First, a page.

We Gotta Get Into This Place

THE GREEN, GREEN GRASS OF HOME: Gisborne duo Wally Te Ua and Lynette Stankovich will perform songs from the Vietnam War era at the White House on Sunday. Pictured here is Tom Jones, who made Green Green Grass of Home an anthem of homesickness among Vietnam War servicemen, in a duet with counter-culture rocker Janis Joplin in 1969 TV show, This is Tom Jones.

The White House seems an appropriate venue to acknowledge Vietnam Veterans Day — even if the leader of the free world has compared his work and social life as a real estate developer to sacrifices made by soldiers in the distant country.

On Sunday, the real White House in Peel Street will ring with a range of music from the Vietnam war era performed by Gisborne duo Queen Bee.

Some of the 20th century’s most defining pop music emerged from the period during which the Vietnam War was fought, writes Time magazine reporter Lily Rothman. Counter culture, acid rock and protest songs were among genres produced during the Vietnam War but “music also played an important role for those who were actually in Vietnam, fighting.”

Authors of We Gotta Get Out of This Place: The Soundtrack of the Vietnam War, Doug Bradley and Craig Werner, say a key reason was the role technology played in getting the music to the battlefield.

“Between radio, portable record players, early cassette players and live bands coming to Vietnam, soldiers in that war had far more access to music than their forebears,” says Rothman.

Bradley: “There was silence in the field, but in the rear there was music everywhere. It was the same music that your non-soldier peers were listening to in America, so it was a shared soundtrack.”

Porter Wagoner’s Green Green Grass of Home, made popular by Tom Jones, tapped into servicemen’s loneliness, heartache and homesickness and holds a special place in Vietnam vets’ hearts.

Vietnam Veterans Day falls on Saturday.

On Sunday, Vietnam War veteran Wally Te Ua and Lynette Stankovich, as duo Queen Bee, will perform tunes from their extensive repertoire based on Te Ua’s recollection as a former Vietnam War serviceman. Soldiers in-country listened to the armed forces radio station AFVN in Saigon, says Te Ua.

“From this, the Kiwis would produce their own acoustic guitar interpretations when they were not engaged in the field on operations. Unlike modern day conflicts, limited alcohol was available — two cans per man per day. Hard liquor at heavily discounted prices to be sent home could be purchased at the American PX stores.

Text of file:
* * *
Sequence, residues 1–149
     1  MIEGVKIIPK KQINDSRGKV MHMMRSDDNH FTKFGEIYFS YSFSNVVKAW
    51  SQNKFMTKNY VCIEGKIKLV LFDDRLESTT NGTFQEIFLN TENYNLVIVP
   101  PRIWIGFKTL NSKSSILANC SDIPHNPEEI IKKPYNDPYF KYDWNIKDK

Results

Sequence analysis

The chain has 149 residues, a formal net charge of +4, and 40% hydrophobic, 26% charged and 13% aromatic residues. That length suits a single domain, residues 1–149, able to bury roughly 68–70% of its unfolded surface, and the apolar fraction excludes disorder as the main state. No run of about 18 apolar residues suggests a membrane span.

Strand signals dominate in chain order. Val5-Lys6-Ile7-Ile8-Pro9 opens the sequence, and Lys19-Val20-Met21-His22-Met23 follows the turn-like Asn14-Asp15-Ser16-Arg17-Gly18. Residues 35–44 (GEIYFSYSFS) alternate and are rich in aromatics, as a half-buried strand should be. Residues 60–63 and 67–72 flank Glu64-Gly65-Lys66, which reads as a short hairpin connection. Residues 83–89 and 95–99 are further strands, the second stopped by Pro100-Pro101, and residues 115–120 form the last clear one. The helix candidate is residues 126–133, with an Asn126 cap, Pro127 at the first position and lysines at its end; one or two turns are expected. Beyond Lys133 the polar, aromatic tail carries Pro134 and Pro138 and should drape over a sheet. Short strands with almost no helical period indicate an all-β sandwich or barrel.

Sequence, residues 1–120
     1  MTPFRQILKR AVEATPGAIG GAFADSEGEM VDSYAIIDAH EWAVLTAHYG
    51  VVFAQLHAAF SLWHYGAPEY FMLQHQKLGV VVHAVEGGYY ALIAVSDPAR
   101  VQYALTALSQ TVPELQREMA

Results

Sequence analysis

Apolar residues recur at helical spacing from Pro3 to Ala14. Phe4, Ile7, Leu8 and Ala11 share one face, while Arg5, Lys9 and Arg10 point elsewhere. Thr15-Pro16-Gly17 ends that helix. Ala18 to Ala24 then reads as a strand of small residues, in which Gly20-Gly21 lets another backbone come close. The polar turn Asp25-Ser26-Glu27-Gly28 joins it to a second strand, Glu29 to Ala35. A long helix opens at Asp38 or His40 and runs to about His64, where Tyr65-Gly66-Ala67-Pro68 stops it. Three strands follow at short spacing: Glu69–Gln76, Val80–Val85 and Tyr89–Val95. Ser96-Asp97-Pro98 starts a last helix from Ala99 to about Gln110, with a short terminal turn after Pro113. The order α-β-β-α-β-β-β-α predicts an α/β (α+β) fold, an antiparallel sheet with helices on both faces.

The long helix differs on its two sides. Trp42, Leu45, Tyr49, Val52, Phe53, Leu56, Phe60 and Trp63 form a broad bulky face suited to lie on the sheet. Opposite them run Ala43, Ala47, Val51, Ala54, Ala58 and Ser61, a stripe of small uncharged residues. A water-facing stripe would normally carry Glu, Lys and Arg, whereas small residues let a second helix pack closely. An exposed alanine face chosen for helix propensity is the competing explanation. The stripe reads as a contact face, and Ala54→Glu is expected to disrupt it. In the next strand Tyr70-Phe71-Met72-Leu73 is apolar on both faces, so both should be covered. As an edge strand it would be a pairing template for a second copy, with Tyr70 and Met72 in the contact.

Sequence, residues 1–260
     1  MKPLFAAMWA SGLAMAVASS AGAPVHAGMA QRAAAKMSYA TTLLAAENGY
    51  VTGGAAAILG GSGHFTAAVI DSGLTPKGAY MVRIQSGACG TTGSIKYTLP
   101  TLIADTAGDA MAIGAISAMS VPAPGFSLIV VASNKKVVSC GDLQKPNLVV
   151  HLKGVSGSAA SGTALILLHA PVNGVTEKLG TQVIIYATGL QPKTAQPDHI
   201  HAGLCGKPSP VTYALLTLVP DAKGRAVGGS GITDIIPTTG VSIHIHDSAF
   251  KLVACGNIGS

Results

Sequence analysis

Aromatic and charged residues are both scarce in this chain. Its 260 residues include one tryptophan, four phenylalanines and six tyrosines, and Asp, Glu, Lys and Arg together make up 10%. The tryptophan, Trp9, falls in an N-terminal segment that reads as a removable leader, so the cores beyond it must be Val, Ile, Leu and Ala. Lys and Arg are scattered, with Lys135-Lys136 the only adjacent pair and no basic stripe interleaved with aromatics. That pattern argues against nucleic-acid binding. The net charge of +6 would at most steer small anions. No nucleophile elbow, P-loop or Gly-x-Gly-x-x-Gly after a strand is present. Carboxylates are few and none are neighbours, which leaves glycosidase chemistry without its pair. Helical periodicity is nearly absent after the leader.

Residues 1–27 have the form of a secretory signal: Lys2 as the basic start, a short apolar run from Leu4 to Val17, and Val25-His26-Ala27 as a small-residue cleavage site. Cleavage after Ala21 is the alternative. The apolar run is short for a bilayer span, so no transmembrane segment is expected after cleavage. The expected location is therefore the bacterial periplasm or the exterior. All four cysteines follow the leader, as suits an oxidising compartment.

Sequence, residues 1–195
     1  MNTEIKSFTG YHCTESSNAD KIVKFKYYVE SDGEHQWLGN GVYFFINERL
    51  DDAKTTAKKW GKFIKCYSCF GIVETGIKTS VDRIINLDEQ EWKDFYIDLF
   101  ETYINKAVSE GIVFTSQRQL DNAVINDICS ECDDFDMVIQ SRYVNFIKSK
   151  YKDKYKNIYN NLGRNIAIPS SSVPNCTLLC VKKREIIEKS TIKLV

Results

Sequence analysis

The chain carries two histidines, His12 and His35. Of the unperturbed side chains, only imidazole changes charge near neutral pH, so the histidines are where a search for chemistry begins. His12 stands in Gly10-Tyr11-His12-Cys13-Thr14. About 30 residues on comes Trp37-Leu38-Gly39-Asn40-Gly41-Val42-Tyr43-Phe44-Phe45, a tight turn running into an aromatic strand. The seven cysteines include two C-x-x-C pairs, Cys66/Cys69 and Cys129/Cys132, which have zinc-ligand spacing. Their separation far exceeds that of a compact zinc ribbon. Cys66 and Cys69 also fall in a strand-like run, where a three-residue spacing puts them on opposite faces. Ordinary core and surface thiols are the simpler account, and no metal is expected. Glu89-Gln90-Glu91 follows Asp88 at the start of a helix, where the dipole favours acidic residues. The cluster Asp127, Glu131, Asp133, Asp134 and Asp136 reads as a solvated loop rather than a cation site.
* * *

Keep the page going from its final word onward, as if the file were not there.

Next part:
“Hard drug use among our soldiers and the Aussies was not popular. Cigarettes and alcohol were.”

American and Australian entertainers occasionally visited the troops.

“On one occasion the Maori Volcanics performed for our boys.”

Queen Bee, featuring Wally Te Ua and Lynette Stankovich, perform at the White House, Peel Street, on Sunday, 1pm. Free entry.

The White House seems an appropriate venue to acknowledge Vietnam Veterans Day — even if the leader of the free world has compared his work and social life as a real estate developer to sacrifices made by soldiers in the distant country.

On Sunday, the real White House in Peel Street will ring with a range of music from the Vietnam war era performed by Gisborne duo Queen Bee.

Some of the 20th century’s most defining pop music emerged from the period during which the Vietnam War was fought, writes Time magazine reporter Lily Rothman. Counter culture, acid rock and protest songs were among genres produced during the Vietnam War but “music also played an important role for those who were actually in Vietnam, fighting.”

Authors of We Gotta Get Out of This Place: The Soundtrack of the Vietnam War, Doug Bradley and Craig Werner, say a key reason was the role technology played in getting the music to the battlefield.

“Between radio, portable record players, early cassette players and live bands coming to Vietnam, soldiers in that war had far more access to music than their forebears,” says Rothman.

Bradley: “There was silence in the field, but in the rear there was music everywhere. It was the same music that your non-soldier peers were listening to in America, so it was a shared soundtrack.”

Porter Wagoner’s Green Green Grass of Home, made popular by Tom Jones, tapped into servicemen’s loneliness, heartache and homesickness and holds a special place in Vietnam vets’ hearts.

Vietnam Veterans Day falls on Saturday.

On Sunday, Vietnam War veteran Wally Te Ua and Lynette Stankovich, as duo Queen Bee, will perform tunes from their extensive repertoire based on Te Ua’s recollection as a former Vietnam War serviceman. Soldiers in-country listened to the armed forces radio station AFVN in Saigon, says Te Ua.

“From this, the Kiwis would produce their own acoustic guitar interpretations when they were not engaged in the field on operations. Unlike modern day conflicts, limited alcohol was available — two cans per man per day. Hard liquor at heavily discounted prices to be sent home could be purchased at the American PX stores.

“Hard drug use among our soldiers and the Aussies was not popular. Cigarettes and alcohol were.”

American and Australian entertainers occasionally visited the troops.

“On one occasion the Maori Volcanics performed for our boys.”

Queen Bee, featuring Wally Te Ua and Lynette Stankovich, perform at the White House, Peel Street, on Sunday, 1pm. Free entry.

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